by Miller & Levine

[complete Table of Contents]

Use the pull-down menu to jump to any of the Book's 40 Chapters:


Additional Resources:

The PBS Evolution Website

Antibiotics in Animal Feeds.
Are they Dangerous?

(Issues in Biology)

Chapter 16
The Evolution of Populations

In this chapter, students will read about how genetic diversity and changes in the genetic makeup of populations contribute to evolution. Students will also read about types of and mechanisms of natural selection and the process of speciation. The links below lead to additional resources to help you with this chapter. These include Hot Links to Web sites related to the topics in this chapter, the Take It to the Net activities referred to in your textbook, a Self-Test you can use to test your knowledge of this chapter, and Teaching Links that instructors may find useful for their students.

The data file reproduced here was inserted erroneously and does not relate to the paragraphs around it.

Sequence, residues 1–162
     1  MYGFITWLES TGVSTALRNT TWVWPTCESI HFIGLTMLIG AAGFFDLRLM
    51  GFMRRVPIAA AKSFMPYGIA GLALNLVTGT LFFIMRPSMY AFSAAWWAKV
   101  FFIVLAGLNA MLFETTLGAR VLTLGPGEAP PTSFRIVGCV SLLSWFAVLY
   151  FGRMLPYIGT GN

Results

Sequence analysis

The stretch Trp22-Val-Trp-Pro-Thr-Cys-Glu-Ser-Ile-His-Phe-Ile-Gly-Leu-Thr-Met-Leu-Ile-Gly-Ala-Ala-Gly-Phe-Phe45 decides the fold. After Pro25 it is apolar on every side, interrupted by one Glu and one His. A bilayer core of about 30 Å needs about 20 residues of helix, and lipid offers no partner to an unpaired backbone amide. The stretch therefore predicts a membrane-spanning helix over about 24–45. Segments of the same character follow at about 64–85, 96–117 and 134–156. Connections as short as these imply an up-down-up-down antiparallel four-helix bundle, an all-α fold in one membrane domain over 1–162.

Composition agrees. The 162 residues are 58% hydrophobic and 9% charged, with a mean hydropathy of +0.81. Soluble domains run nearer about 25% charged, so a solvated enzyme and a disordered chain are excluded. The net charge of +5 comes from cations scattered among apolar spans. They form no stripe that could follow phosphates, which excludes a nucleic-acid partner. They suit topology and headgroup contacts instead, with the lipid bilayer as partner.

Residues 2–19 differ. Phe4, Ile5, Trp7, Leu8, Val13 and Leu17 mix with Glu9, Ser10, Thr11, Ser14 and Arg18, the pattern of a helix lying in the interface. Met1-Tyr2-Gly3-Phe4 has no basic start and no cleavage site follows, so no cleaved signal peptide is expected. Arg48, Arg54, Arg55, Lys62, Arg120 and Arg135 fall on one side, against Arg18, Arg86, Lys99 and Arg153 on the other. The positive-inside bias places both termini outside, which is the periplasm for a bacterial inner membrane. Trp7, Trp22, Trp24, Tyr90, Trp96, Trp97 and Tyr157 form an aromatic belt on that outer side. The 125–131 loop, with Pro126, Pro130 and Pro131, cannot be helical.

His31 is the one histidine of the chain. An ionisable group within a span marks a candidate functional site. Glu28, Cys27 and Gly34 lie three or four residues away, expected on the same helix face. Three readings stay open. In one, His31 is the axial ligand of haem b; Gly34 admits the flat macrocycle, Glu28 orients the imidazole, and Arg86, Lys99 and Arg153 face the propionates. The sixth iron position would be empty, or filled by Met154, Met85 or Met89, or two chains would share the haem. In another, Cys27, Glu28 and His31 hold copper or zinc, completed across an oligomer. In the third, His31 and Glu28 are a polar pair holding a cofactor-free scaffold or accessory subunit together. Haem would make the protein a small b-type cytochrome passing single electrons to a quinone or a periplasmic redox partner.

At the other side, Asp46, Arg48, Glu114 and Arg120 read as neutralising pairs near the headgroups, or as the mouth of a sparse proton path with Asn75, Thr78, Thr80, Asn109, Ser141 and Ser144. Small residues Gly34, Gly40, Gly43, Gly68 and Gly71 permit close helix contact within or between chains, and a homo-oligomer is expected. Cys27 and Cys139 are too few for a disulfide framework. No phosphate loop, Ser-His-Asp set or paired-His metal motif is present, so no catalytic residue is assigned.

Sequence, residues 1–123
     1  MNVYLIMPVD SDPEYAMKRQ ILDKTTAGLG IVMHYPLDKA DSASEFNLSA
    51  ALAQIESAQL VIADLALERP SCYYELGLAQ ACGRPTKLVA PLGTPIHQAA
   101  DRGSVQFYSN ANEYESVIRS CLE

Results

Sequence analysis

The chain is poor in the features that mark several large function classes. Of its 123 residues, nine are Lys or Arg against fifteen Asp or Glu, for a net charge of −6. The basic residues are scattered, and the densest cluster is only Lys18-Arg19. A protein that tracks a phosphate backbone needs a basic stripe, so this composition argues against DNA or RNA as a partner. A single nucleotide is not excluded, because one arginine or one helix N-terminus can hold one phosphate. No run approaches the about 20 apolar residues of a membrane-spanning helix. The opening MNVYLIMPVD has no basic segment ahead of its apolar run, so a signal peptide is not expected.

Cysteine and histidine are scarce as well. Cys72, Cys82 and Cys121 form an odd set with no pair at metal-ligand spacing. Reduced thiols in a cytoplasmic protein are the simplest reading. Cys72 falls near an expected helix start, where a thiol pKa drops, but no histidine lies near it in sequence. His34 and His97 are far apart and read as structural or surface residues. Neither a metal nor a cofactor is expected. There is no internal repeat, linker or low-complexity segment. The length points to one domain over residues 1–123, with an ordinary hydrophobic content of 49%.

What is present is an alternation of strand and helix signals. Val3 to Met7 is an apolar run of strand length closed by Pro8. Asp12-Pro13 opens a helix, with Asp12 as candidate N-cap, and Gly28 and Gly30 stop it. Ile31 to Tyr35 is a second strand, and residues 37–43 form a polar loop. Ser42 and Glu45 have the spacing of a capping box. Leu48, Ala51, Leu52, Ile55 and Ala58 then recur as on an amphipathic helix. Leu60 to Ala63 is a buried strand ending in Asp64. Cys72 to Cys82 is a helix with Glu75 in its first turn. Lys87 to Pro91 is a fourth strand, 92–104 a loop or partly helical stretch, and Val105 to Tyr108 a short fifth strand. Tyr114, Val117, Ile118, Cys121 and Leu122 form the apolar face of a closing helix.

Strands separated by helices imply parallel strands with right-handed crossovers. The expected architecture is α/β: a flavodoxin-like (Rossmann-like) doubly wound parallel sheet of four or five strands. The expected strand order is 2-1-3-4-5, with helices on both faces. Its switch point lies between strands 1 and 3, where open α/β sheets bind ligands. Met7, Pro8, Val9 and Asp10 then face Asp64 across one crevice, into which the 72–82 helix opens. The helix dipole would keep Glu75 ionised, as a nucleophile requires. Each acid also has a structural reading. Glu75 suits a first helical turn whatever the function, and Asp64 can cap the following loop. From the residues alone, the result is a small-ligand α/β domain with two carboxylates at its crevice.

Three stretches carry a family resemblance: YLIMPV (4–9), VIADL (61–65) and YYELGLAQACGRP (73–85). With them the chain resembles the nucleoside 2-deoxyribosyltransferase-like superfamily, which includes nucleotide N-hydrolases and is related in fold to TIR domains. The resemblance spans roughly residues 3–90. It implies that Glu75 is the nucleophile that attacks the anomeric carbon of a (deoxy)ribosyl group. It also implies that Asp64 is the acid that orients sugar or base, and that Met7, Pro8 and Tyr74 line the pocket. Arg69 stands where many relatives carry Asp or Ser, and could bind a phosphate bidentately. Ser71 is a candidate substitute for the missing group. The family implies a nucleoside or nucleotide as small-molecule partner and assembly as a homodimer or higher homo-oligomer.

Hot Links

Chapter Self-Test

Take it to the Net Teaching Links

What are Web Codes?
Web Codes for Chapter 16:
Antibiotics in Animal Feed (Issues)
SciLinks: Population Genetics
SciLinks: Speciation

Section 16-1: Genes and Variation
Biologists have discovered that there are two main sources of genetic variation: mutations and the genetic shuffling that results from sexual reproduction.
The number of phenotypes produced for a given trait depends on how many genes control the trait.

Section 16-2: Evolution as Genetic Change
Natural selection on single-gene traits can lead to changes in allele frequencies and thus to evolution.
Natural selection can affect the distributions of phenotypes in any of three ways: directional selection, stabilizing selection, or disruptive selection.
In small populations, individuals that carry a particular allele may leave more descendants than other individuals, just by chance. Over time, a series of chance occurrences of this type can cause an allele to become common in a population.
Five conditions are required to maintain genetic equilibrium from generation to generation: there must be random mating; the population must be very large; and there can be no movement into or out of the population, no mutations, and no natural selection.

Section 16-3: The Process of Speciation
As new species evolve, populations become reproductively isolated from each other.
Speciation in the Galápagos finches occurred by founding of a new population, geographic isolation, changes in the new population's gene pool, reproductive isolation, and ecological competition.